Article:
new sentence throughout the body of the
thing purloined. As the bureau dealt in
everything from anniversary poetry to syn-
dicated political addresses, the field for its
predatory activities was practically unlimited.
A short story could be made by transplanting
a De Maupassant peasant to a New England
farm, or the interjection of a Kipling recruit
into an Arizona mining-camp. The old-time
action was jealously preserved in the trans-
formation, the only alterations being those
essential to a change of climate and condi-
tions and, presto, one had a new tale as
bright and glittering as a freshly minted
The bureau had a Menu Page, too, made
up by a very lean and hungry-looking old
gentleman who lunched sparingly on a sand-
wich each noon, and a Religious Thought
Page, edited by a very stout individual who
kept a brandy-flask standing beside his ink-
bottle. A profitable branch of its business
was the preparation of obituaries of eminent
men still living, and it is on record that one
editor had made it his cheerful practice to
submit these touching studies to the different
gentlemen whom they most intimately con-
cerned, naively asking if anything further
remained to be said. What the bureau fat-
tened on, however, was the uncopyrighted in
general, and for all such morsels it watched
with hawk-like intensity. An English novel
or any less substantial publication which came
to it unprotected by the arm of the law was
pounced on at once, rapaciously and gleefully.
It was renamed, abridged or expanded as the
THE LITERARY NEWS.
case might require, and in less time than it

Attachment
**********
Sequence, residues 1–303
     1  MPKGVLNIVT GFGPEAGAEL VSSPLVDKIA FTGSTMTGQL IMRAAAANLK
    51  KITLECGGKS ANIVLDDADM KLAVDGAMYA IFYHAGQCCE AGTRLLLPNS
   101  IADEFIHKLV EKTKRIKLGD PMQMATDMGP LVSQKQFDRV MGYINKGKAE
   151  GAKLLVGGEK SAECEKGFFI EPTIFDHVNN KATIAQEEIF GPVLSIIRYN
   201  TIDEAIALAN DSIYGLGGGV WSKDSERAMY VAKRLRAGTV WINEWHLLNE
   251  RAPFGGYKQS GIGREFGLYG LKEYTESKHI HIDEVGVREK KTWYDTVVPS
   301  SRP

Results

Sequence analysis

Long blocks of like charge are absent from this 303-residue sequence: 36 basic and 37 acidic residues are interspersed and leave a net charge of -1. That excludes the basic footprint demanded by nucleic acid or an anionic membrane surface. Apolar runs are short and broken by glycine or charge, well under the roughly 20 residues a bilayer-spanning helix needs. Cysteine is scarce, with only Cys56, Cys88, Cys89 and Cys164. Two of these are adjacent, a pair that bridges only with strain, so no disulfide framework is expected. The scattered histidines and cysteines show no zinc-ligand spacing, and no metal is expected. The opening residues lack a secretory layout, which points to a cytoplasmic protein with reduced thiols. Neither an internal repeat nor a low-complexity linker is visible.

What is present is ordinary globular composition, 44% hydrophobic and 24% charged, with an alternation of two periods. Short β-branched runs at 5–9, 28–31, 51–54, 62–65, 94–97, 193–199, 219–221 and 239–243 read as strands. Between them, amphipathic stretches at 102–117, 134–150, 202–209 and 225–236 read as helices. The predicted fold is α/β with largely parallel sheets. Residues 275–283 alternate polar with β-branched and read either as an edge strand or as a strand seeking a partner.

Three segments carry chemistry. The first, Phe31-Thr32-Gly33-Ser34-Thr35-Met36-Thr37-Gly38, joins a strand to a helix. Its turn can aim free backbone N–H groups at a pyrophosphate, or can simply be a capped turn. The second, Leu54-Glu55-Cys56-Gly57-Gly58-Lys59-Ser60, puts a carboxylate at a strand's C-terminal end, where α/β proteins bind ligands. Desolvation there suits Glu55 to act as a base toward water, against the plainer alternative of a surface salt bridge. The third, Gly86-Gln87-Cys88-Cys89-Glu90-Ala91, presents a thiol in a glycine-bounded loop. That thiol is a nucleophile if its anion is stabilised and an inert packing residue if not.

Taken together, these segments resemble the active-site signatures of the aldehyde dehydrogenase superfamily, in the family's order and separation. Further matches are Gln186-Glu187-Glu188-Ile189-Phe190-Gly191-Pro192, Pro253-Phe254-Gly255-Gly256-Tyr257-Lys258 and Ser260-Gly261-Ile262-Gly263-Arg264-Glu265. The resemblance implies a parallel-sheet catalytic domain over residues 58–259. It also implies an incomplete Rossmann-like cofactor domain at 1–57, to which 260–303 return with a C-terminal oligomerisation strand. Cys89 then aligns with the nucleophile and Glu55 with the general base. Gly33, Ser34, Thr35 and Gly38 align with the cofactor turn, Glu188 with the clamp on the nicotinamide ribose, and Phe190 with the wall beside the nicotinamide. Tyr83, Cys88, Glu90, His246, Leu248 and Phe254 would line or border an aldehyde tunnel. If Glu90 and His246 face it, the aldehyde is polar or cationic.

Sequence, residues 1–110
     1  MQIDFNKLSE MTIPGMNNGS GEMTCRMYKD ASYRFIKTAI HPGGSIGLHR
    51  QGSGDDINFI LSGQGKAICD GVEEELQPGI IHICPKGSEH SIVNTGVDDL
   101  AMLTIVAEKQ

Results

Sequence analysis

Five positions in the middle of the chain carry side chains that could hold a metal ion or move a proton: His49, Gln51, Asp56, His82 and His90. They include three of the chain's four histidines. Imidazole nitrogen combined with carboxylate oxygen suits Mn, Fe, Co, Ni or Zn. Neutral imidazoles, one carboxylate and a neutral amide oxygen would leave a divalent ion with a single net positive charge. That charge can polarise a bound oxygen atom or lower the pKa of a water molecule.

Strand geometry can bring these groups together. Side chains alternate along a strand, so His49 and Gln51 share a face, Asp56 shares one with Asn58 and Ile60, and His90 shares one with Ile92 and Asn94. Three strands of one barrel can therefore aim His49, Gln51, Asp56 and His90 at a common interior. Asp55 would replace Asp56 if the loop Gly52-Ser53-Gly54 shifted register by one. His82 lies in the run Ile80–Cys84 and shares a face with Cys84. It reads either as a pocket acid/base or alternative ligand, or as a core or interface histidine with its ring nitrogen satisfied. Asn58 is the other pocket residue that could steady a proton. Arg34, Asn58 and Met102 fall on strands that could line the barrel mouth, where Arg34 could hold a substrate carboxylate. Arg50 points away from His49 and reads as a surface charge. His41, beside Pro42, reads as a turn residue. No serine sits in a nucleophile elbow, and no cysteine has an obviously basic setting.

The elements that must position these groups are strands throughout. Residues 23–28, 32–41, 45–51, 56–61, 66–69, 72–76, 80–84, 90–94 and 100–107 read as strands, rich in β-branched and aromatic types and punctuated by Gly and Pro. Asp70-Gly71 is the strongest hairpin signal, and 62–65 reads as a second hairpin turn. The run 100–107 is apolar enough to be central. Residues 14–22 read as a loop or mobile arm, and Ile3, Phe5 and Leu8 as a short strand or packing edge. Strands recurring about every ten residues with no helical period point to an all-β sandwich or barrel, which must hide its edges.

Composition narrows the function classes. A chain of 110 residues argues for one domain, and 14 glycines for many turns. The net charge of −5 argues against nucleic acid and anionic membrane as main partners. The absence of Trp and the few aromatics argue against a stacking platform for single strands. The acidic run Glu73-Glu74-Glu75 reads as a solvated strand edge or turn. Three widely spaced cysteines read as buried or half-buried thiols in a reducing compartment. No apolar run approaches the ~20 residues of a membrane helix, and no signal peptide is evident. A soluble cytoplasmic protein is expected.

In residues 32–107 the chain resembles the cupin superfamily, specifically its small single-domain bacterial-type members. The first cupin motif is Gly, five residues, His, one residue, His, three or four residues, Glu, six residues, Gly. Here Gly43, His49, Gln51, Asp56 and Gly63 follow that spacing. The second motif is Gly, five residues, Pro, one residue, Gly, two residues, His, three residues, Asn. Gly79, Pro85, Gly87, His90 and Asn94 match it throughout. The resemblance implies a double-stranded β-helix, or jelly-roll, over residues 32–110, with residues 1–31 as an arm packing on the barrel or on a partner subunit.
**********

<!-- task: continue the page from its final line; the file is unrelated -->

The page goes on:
took the original author to indite his first
chapter, it was on the market as a new and
thrilling serial, "secured by special arrange-
The bureau, among other things, paid par-
ticular attention to the wants of the farmer,
and issued a Dairy Page, edited by an elderly
maiden lady who made Brooklyn her home
and beheld a cow not more than once a year.
The expert who edited the Agricultural Page,
it might be added, had prepared himself for
such tasks by many years' labor as an insur-
ance agent. The bureau also boasted of a
professional poet, who ran strongly to pa-
triotism, but as his rhymes were manufac-
tured for the convenience of the rather undis-
ciiminating bucolic editor and later on for
the delectation of the bucolic reader, his Gems
in Verse usually went unchallenged.
Midsummer in the bureau always saw the
staff in the midst of their Christmas literature,
which, like its other anniversary material, was
made up into pages, with a generous sprink-
ling of highly appropriate pictures of snow
scenes and swinging bells and smiling Santa
Clauses. Year after year these same pictures
were taken down from their dusty shelves,
and then year after year were duly stored
away again for another season's use. Sum-
mer fiction, in the same way, was always man-
ufactured during the winter months, by writ-
ers crouching forlornly over cheerless little
gas-heaters. The bureau possessed a couple
of "hands" surprisingly expert at this novel-
ette work, who labored with the assistance of
the back numbers of the less prominent mag-
azines, and seemed possessed of the pleasing
thought that what the world most loved was
an old friend in new clothes. (Appleton.
$1.50.) From "The Silver Poppy."
EDWARD EGGLESTON'S LITERARY ART.
Edward Eggleston knew the ruder side of
the Hoosier life and character all the better
for the reason that in his childhood and youth
he had been "in it but not of it." He had
seen it in perspective. He always had some-
thing better in his own home and associa-
tions, by which to measure the rudeness that
showed itself all about him.
The peculiarities of the Hoosier dialect in-
terested him chiefly because of their wide de-
parture from the good English which alone
he heard at home. When he wrote "The
Hoosier Schoolmaster" he was in his early
thirties, and had for years been a dweller in
great cities. But his memory of the life, the